Alignment Principles in Graphic Design

Instructor: Sunday Moulton

Sunday earned a PhD in Anthropology and has taught college courses in Anthropology, English, and high school ACT/SAT Prep.

In this lesson, we explore one of the key principles in graphic design, alignment. Find out why alignment matters in design projects, the different types of alignment you can use, and unique ways to play with alignment for dramatic effects.

Not Just for Cars

You've probably heard the term alignment before, possibly regarding your car or maybe even in word processing. Well, graphic design uses alignment as well. In fact, it is one of the key principles of graphic design. You see, just like visual art, graphic design uses a variety of elements, basic components or properties, and the way those elements relate to one another are the principles of graphic design. Alignment is simply the way visual elements are arranged so that they line up in some way. Think about it as an invisible line or a force field preventing your elements, whether they are images or words, from going out of bounds.

What Does Alignment Do?

As simple as it is, it serves a great purpose by helping designers organize different elements in their composition, giving the design a definitive structure, and creating balance. Using alignment well in a design can result in a clear, professional, and sharp finished product. Basically, the individual elements won't be sloppy.

Basic Kinds of Alignment

There are two basic kinds of alignment; edge and center. Edge alignment determines the placement of elements in relation to the edge of the page or canvas. This can mean the elements are aligned to the left side or right side, but it can also mean they are aligned to the top or bottom of the page, so long as it uses an edge to organize everything. When the alignment is right or left, we call that horizontal alignment, though it is still an edge alignment. When the alignment is top or bottom, that is vertical alignment. When writing text, we usually use left alignment, meaning all the lines to the left of the page line up along that side.

Here we see a right and a left edge alignment.
Edge Alignment

The other kind of alignment, center alignment aligns all the elements so that an invisible, central line on the page will always be in the center of the elements. Again, writing is the easiest way to explain this. Have you ever seen a page where every line was a different width, but the center of every line ran along the exact center of the page? In graphic design, the same principle is applied to words as well as other visual elements. Just like with edge alignment, we can have horizontal and vertical alignment. However, when the center line runs vertically from the top of the page to the bottom, we get horizontal alignment. Likewise, when the center line runs horizontally from one side to the other, we get vertical alignment. I know, it almost sounds crazy until you see how it works.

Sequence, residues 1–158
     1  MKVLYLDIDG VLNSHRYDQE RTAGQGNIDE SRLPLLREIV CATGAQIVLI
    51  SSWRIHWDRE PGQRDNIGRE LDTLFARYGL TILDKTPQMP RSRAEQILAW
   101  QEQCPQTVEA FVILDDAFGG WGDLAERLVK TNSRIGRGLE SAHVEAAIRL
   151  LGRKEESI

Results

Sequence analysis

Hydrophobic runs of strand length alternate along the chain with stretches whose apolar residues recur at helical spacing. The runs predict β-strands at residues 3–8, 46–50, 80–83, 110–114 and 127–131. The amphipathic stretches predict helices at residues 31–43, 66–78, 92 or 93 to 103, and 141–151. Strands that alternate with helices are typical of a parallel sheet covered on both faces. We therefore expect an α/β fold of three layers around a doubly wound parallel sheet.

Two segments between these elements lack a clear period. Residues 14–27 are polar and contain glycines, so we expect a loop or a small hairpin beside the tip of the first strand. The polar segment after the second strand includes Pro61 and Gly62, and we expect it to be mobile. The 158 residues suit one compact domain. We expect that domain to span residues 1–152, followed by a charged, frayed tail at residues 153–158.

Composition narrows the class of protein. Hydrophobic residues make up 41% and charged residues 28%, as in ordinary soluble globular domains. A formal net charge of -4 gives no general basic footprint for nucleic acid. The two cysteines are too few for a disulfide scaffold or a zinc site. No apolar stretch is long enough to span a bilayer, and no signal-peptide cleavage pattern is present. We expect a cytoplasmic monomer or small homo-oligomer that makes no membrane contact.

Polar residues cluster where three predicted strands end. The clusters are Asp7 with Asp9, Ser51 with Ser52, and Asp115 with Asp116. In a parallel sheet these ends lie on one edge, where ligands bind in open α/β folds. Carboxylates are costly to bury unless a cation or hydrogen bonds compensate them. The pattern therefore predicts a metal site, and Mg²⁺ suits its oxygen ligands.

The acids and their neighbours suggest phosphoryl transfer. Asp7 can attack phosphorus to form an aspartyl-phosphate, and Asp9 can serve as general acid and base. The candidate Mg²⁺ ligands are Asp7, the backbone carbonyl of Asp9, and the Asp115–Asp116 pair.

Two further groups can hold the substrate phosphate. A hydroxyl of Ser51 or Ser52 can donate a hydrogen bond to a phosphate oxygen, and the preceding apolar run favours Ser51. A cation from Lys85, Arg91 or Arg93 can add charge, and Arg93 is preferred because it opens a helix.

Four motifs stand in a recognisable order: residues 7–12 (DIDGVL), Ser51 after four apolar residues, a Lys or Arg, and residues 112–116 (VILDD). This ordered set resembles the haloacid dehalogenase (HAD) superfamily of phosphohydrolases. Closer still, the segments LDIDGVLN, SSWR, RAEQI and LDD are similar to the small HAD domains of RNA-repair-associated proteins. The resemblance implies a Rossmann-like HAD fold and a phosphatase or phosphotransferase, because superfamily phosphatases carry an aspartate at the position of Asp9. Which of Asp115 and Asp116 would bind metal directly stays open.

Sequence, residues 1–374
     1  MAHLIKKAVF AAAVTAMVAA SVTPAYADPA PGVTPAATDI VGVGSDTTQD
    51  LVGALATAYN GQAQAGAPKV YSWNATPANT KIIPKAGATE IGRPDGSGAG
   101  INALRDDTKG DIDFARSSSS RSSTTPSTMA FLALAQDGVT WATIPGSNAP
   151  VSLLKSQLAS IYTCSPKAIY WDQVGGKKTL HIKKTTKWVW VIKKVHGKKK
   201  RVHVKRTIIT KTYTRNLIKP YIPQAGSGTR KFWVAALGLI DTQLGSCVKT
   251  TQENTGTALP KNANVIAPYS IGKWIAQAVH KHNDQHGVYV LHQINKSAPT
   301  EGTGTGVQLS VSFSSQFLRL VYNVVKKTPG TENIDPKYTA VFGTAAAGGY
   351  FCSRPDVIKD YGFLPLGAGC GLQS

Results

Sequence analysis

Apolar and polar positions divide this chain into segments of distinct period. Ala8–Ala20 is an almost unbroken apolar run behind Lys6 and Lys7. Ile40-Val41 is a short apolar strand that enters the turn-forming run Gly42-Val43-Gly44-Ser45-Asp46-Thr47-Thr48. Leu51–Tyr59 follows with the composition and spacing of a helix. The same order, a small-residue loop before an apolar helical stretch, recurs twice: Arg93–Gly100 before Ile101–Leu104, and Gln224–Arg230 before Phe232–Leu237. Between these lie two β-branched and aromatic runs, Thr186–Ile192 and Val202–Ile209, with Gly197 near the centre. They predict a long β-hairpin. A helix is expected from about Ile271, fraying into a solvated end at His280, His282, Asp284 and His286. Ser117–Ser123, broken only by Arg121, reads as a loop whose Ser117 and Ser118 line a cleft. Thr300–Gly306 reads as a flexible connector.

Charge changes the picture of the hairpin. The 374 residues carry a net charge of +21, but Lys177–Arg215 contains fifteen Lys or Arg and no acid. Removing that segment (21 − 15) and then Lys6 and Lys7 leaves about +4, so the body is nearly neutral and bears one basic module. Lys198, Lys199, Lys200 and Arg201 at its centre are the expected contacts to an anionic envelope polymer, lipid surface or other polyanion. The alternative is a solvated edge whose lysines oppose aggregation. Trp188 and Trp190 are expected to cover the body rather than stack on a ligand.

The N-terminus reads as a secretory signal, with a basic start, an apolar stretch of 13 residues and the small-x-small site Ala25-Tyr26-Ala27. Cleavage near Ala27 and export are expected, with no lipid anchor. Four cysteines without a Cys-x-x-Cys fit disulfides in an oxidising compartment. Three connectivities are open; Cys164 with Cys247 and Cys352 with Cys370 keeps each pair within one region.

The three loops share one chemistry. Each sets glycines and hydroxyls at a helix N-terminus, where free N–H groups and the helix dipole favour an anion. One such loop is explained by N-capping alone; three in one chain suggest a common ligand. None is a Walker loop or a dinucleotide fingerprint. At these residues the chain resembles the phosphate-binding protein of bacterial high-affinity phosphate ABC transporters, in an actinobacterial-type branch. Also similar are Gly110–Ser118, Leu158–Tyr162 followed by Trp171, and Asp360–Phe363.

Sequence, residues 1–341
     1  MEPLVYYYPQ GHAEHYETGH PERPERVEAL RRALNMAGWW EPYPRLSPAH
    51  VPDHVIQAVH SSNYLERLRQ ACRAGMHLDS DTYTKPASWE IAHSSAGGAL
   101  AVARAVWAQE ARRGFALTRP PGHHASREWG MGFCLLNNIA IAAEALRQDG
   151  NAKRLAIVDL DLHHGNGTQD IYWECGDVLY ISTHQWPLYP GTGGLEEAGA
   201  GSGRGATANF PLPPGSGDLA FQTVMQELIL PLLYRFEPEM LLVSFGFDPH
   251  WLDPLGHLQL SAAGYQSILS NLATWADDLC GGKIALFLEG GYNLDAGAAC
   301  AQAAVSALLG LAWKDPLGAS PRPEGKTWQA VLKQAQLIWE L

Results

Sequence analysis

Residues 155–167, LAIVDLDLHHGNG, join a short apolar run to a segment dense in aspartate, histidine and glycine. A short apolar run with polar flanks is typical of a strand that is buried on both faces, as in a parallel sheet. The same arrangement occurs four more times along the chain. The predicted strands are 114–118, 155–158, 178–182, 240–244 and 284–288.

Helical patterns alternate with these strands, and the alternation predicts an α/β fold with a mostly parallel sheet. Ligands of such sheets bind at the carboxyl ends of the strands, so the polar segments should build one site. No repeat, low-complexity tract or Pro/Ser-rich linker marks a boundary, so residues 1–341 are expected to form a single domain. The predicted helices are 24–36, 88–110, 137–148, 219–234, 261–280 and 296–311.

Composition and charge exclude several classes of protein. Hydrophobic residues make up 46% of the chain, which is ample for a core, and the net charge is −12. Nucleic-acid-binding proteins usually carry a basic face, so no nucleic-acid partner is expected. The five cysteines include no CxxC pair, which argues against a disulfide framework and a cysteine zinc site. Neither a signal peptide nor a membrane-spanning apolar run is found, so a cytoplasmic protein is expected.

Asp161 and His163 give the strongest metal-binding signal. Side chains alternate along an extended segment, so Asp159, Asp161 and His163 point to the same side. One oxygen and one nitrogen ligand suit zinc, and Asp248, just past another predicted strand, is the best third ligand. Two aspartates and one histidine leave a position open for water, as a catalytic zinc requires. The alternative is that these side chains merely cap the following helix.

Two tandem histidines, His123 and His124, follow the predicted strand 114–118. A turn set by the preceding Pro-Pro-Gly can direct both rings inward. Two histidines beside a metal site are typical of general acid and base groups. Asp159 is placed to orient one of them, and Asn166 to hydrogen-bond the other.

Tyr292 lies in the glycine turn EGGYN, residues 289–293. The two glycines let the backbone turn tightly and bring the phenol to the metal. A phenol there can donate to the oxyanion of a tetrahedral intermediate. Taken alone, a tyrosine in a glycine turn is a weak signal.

As you can see, a horizontal center line determines how an image aligns vertically on the page.
Horizontal Alignment

Using Alignment

Rarely will a graphic design project create one large space with a single alignment scheme. Usually, the design is more complex and usually requires the use of a grid to define the different areas and their alignment. Using grids will give your work structure and consistency, but when finished, the viewer should not be able to see the grid itself, just the results of its use.

If your work has a strong, consistent alignment, it will look clean and crisp with a professional finish. However, there are some ways to rebel against common alignment while still looking professional. First, you can use mixed alignment where different elements are aligned properly, just in a variety of different ways. This can add a fun, energetic feel to your work. Finally, you can intentionally break alignment, misaligning one part of a design in contrast with the rest of the aligned design, as a way to grab the viewer's attention.

Breaking alignment can draw attention when used correctly.

To unlock this lesson you must be a Member.
Create your account

Register to view this lesson

Are you a student or a teacher?

Unlock Your Education

See for yourself why 30 million people use

Become a member and start learning now.
Become a Member  Back
What teachers are saying about
Try it now
Create an account to start this course today
Used by over 30 million students worldwide
Create an account